Ya’alon: They may not meet the deadline but there will be an Iran nuke deal

Moshe Ya'alon

The world powers and Iran are headed to a nuclear agreement, even if Tuesday’s deadline is not met, Defense Minister Moshe Ya’alon said on Monday. Ya’alon, at a briefing in his Tel Aviv office with diplomatic reporters, said that despite some last minute delays, the negotiations were not on the verge of collapse. “What is clear is that this is a bad agreement,” he said. “After it is signed we will have a nuclear threshold Iran.” Click here to read the story.

Photo by Shurat HaDin – Israel Law Center


Israel Hayom

Israeli Defense Minister Moshe Ya’alon apologized. He had to. Regular Israelis, however, are exempt from such diplomatic etiquette, free to clarify to the Americans what they know anyway, as anybody who regularly deals with Israeli popular opinion polls knows: namely, that the vast majority of Israelis believe that Ya’alon, before the apology, spoke the truth. They believe he was right.

The Americans were furious. Self-appointed experts in etiquette and propriety set out to compete over rolling eyes and sanctimonious pronouncements (making sure to be widely quoted).

But, as the dust settles, the Americans deserve to know: The majority of us are with Ya’alon, the man who spoke not only what he believes, but what most of us believe too.

Ya’alon was never great at civil talk or clean speech. He may even be a little naive. Actually, he may be very naive. Ya’alon actually believed in the upstanding quality of the people at Yedioth Ahronoth, that he could speak openly without having to fear that his comments would be leaked. They promised him that. But who believes a word Yedioth says anymore? Only a very naive person.

As a politician, Ya’alon differs from the norm, so much so that he has to strap on high boots to avoid the snakes. He said what was on his mind without sanctimony. He didn’t play around. We’re not used to people telling us the truth. We aren’t used to a politician who speaks the truth. Now that Ya’alon has spoken the truth, we have to ask: What if he was correct?

Indeed, most Israelis commonly agree that the Americans have a shoddy understanding of the Middle East, and that the current administration has done a great job utilizing the so-called Arab Spring to show that it has no clue what to do, whatsoever.

If we all agree that the prime minister cannot say in public what the majority of us are thinking about Kerry’s aloof endeavors, maybe it’s fitting that somebody else took it upon him or herself to explain to the Americans that their conduct is questionable.

In the last few days, the Palestinian Authority, led by President Mahmoud Abbas, have made a show of defiance, effectively flooring Kerry’s proposal, trampling on it and squashing it. Abbas let us all know he was unwilling to compromise on anything, especially the dream of snuffing out the Jewish state.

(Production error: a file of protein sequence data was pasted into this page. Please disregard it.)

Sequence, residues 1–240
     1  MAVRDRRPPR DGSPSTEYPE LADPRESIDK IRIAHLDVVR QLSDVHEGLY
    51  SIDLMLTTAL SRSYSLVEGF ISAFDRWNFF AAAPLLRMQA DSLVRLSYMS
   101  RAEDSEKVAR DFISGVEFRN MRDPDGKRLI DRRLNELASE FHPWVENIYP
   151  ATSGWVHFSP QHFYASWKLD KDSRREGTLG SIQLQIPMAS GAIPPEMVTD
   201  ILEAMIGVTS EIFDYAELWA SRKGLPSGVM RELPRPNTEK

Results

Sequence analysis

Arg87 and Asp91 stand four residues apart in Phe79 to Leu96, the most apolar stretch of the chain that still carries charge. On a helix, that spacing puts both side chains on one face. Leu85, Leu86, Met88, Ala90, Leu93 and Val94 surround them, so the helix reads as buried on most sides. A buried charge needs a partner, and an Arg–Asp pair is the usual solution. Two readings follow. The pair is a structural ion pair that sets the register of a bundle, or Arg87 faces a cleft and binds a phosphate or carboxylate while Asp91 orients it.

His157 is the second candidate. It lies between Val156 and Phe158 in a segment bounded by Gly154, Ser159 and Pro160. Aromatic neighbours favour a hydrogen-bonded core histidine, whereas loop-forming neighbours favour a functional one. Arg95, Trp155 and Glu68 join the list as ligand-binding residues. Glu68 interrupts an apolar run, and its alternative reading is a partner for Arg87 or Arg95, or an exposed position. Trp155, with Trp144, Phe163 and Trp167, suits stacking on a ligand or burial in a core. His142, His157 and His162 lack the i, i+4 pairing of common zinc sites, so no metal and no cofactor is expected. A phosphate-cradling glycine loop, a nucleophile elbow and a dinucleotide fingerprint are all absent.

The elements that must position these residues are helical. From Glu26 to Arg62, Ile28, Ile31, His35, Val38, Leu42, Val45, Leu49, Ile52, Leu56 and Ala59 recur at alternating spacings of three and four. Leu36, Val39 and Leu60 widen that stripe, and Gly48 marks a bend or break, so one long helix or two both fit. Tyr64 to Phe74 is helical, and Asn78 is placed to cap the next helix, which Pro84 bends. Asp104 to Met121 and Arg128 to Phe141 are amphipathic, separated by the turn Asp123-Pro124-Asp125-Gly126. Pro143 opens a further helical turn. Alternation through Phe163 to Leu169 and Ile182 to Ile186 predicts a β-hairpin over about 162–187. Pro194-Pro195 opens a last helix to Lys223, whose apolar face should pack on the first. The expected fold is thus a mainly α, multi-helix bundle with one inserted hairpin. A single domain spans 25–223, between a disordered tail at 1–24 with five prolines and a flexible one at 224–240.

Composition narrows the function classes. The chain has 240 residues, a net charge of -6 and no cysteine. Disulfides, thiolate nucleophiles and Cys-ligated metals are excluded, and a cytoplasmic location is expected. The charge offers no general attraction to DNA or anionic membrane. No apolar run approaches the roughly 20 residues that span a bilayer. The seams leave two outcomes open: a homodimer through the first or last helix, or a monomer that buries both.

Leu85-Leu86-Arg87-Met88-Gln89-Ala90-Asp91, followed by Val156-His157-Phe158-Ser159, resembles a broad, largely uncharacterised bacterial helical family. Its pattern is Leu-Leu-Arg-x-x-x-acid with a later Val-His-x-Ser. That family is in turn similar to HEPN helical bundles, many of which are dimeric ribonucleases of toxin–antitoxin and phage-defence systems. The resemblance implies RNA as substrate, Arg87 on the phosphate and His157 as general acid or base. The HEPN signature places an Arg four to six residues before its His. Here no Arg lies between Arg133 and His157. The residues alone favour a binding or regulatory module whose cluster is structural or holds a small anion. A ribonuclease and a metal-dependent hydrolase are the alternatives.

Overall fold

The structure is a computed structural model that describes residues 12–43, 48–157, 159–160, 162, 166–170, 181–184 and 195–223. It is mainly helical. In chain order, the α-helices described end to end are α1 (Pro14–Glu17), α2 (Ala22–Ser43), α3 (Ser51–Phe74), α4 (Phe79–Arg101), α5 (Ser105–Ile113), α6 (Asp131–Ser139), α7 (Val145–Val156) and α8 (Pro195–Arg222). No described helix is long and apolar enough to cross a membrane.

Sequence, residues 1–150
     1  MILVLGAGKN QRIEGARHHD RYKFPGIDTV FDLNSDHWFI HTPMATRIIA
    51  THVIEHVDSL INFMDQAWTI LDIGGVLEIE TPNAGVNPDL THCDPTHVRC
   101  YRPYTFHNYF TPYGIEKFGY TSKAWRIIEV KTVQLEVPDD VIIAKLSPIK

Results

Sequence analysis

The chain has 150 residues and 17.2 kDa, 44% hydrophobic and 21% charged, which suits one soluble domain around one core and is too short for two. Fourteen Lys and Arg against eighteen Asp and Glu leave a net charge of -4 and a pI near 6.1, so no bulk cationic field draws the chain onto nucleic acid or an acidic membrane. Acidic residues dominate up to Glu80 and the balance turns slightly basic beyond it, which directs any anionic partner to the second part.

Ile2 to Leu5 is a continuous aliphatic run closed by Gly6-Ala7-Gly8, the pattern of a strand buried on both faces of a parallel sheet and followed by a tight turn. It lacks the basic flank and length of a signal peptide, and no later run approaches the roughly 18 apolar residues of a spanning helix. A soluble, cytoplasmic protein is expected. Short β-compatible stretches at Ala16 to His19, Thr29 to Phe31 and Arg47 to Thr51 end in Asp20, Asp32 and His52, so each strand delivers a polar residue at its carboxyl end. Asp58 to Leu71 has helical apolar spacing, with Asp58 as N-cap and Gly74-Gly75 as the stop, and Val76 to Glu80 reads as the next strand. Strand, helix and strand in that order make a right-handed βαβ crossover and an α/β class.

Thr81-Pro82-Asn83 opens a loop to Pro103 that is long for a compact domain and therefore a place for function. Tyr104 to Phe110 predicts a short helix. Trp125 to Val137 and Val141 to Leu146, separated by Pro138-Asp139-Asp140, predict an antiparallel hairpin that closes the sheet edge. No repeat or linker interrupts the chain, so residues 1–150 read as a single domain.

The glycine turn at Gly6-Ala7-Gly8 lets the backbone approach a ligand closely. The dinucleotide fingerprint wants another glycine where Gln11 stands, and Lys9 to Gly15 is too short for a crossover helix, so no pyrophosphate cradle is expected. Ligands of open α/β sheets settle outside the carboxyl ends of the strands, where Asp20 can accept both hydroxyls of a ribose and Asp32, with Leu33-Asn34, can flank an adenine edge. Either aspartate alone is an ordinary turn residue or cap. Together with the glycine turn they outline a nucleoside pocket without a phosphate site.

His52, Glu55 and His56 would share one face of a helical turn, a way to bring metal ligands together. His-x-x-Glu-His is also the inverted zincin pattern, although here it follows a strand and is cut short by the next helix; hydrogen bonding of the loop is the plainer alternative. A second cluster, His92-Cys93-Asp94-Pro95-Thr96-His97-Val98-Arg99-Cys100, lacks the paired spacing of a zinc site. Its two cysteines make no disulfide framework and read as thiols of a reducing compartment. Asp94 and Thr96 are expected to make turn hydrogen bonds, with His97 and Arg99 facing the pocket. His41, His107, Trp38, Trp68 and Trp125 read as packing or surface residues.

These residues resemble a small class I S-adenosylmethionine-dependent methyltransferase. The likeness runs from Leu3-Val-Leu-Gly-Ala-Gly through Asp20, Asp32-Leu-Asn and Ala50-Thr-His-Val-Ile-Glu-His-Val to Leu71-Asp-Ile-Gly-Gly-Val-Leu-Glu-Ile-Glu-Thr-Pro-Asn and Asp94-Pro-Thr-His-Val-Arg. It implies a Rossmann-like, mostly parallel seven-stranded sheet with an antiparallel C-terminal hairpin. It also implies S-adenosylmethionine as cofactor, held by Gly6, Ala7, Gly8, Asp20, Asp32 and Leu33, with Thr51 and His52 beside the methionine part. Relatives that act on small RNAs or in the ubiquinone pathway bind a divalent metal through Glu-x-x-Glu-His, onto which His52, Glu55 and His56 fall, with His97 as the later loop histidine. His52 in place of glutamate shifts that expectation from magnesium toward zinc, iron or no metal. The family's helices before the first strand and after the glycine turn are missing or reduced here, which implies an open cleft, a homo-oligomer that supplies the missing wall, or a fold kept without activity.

So, what’s so evil about Ya’alon laying these concerns out on the table?

Each and every recent poll has shown that the majority of Israelis have no faith in the peace negotiations. That’s our crowd wisdom. We have no faith in Abbas, and we don’t believe that peace is just around the corner.



The publication of Israeli Defense Minister Moshe Ya’alon’s criticism of Secretary of State John Kerry on Tuesday in the Yedioth Ahronoth daily newspaper “violated all the journalistic rules of ethics, including the most basic rule of protecting a source and ensuring his anonymity,” a source close to Ya’alon said on Tuesday.

Yedioth Ahronoth quoted the defense minister as deriding Kerry’s Israeli-Palestinian peace efforts as naive and foolhardy, and calling Kerry “obsessive” and “messianic.” The comments triggered an angry response from the U.S. government.

Late Tuesday night, Ya’alon’s office issued a statement expressing appreciation for Kerry’s peace-seeking efforts.

“The defense minister had no intention to cause any offense to the secretary, and he apologizes if the secretary was offended by words attributed to the minister,” the statement read.

Earlier, Ya’alon said that Israel’s relations with the U.S. were “intimate and meaningful.”

“The United States is our greatest friend and our strongest ally, and when there are differences they are resolved behind closed doors, including with Secretary Kerry, with whom I have many conversations about the future of Israel,” Ya’alon said. “I will continue to determinedly, responsibly and thoughtfully protect the security of the people of Israel.”

However, speaking to students in Ofakim on Tuesday, Ya’alon said, “There are officials who think that it is possible to solve this conflict easily.”

Before Ya’alon’s late-night apology, the U.S. government responded to the criticism of Kerry with an uncharacteristically strong rebuke, with State Department spokeswoman Jen Psaki saying that, if accurately reported, Ya’alon’s remarks were “offensive and inappropriate, especially given all that the United States is doing to support Israel’s security needs.”

“Secretary Kerry and his team … have been working day and night to try to promote a secure peace for Israel because of the secretary’s deep concern for Israel’s future,” Psaki said. “To question his motives and distort his proposals is not something we would expect from the defense minister of a close ally.”